Cancer is considered the leading cause of disease-related death among children in the United States
According to recent research presented at the American Heart Association’s Scientific Sessions 2013, cancer treatment can take a toll on the hearts of child survivors.
Cancer is considered the leading cause of disease-related death among children in the United States, but the survival rate has increased significantly from a 5-year survival rate of 58.1 percent from 1975 to 1977 to 83.1 percent from 2003 to 2009.
“Research has shown childhood cancer survivors face heart and other health problems decades after treatment,” said Donald R. Dengel, Ph.D., study lead author and kinesiology professor at the University of Minnesota in Minneapolis. “But researchers had not — until now — looked at the heart health effects of childhood cancer treatment while survivors are still children.”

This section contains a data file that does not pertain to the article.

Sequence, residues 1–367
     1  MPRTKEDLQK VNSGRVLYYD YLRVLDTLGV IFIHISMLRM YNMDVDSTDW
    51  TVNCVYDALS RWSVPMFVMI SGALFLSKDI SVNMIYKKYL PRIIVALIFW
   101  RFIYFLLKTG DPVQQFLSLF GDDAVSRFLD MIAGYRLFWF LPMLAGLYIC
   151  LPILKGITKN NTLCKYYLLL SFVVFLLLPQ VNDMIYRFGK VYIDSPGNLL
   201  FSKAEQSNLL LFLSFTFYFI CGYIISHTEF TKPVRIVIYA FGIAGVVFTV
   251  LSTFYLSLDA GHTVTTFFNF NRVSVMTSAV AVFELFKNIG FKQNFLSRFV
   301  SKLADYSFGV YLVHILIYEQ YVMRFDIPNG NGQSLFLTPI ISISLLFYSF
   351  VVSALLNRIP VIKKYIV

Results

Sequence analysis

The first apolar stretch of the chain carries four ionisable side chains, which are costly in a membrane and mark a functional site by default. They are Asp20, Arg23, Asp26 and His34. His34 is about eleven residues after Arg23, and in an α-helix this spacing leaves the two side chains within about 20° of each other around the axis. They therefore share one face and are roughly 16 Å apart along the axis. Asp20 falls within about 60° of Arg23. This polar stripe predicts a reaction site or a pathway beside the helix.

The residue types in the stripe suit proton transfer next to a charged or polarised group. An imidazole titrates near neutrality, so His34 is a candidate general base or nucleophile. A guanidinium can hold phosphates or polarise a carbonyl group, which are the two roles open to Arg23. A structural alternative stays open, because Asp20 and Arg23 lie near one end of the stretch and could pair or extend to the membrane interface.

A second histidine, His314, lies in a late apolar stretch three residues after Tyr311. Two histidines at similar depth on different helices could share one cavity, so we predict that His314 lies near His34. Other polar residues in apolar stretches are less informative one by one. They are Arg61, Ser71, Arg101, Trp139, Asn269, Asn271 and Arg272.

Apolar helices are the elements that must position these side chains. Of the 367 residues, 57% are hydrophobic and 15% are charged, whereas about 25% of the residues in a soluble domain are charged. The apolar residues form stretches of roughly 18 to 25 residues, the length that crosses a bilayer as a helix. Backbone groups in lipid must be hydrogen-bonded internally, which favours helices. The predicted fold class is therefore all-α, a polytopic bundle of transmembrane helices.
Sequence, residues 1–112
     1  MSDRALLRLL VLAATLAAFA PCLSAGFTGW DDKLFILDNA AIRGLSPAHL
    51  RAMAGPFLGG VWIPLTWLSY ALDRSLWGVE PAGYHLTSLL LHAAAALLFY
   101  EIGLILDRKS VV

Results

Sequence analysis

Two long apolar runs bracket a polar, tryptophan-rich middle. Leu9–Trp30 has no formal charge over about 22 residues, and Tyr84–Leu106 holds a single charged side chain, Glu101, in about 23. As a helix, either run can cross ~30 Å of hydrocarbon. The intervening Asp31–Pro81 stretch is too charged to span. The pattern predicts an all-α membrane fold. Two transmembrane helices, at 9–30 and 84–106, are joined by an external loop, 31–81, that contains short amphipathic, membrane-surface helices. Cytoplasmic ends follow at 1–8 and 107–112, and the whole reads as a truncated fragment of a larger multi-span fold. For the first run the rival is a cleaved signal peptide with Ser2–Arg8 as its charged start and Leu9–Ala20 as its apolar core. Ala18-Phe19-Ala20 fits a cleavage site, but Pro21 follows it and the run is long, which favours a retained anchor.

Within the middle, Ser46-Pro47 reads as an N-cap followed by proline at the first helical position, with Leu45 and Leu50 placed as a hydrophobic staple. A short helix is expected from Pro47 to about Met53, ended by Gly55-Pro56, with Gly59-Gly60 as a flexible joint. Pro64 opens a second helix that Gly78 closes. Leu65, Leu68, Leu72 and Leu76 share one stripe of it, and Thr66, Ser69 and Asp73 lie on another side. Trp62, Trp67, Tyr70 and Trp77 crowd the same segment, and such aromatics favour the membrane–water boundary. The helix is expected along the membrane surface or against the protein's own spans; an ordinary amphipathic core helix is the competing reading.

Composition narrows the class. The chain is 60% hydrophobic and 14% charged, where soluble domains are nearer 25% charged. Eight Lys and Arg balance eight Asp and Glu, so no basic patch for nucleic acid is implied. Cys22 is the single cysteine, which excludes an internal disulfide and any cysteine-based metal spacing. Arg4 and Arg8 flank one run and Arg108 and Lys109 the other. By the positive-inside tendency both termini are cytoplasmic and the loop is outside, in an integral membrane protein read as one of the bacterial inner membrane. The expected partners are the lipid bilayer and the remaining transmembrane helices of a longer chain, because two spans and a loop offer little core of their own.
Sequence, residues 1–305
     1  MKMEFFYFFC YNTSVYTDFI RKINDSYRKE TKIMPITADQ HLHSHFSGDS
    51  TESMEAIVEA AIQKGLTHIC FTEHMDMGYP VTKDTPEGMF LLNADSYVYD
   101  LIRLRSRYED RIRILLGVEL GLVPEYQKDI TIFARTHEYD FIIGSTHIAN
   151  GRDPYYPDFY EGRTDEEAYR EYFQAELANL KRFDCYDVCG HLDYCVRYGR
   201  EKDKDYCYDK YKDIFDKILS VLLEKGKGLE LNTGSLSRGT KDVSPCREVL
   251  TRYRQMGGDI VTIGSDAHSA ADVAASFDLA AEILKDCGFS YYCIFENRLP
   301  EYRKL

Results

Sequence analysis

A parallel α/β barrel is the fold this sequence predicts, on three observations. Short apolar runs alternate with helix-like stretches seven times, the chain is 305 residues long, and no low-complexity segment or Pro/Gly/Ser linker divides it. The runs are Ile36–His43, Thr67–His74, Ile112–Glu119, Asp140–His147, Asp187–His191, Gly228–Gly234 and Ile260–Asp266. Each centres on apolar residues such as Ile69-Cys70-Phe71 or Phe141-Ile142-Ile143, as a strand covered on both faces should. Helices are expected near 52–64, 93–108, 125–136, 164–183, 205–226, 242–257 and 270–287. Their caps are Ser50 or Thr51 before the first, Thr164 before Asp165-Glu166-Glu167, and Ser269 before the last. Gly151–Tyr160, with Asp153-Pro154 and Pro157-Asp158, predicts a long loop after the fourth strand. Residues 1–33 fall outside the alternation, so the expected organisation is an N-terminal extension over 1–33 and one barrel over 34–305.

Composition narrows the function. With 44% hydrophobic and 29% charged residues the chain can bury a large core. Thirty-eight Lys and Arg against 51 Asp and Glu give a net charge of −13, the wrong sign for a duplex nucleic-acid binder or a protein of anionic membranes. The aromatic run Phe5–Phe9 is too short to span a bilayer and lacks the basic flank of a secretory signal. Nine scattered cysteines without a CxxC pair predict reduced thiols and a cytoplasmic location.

Dengel and his colleagues measured artery stiffness, thickness and function in 319 U.S. boys and girls, between the ages of 9 and 18, who had survived leukemia or cancerous tumors. Participants had survived 5 years or longer since their initial cancer diagnosis. Comparing the survivors to 208 sibling children not diagnosed with cancer, researchers found that premature heart disease was more likely among the children who survived cancer and childhood leukemia survivors had a 9 percent decrease in arterial health after completing chemotherapy compared to those in the non-cancer group.
“Given this increased risk, children who survive cancer should make lifestyle changes to lower their cardiovascular risk,” Dengel said. “Healthcare providers who are managing chemotherapy treated childhood cancer survivors need to monitor cardiovascular risk factors immediately following the completion of their patients’ cancer therapy.”
“The children in the study were predominately white, so the findings might not apply to other racial and ethnic groups,” Dengel added.
“And because of differences in childhood cancer treatment protocols, we are unable to attribute the changes in vascular structure and function to a specific chemotherapy agent,” he said.
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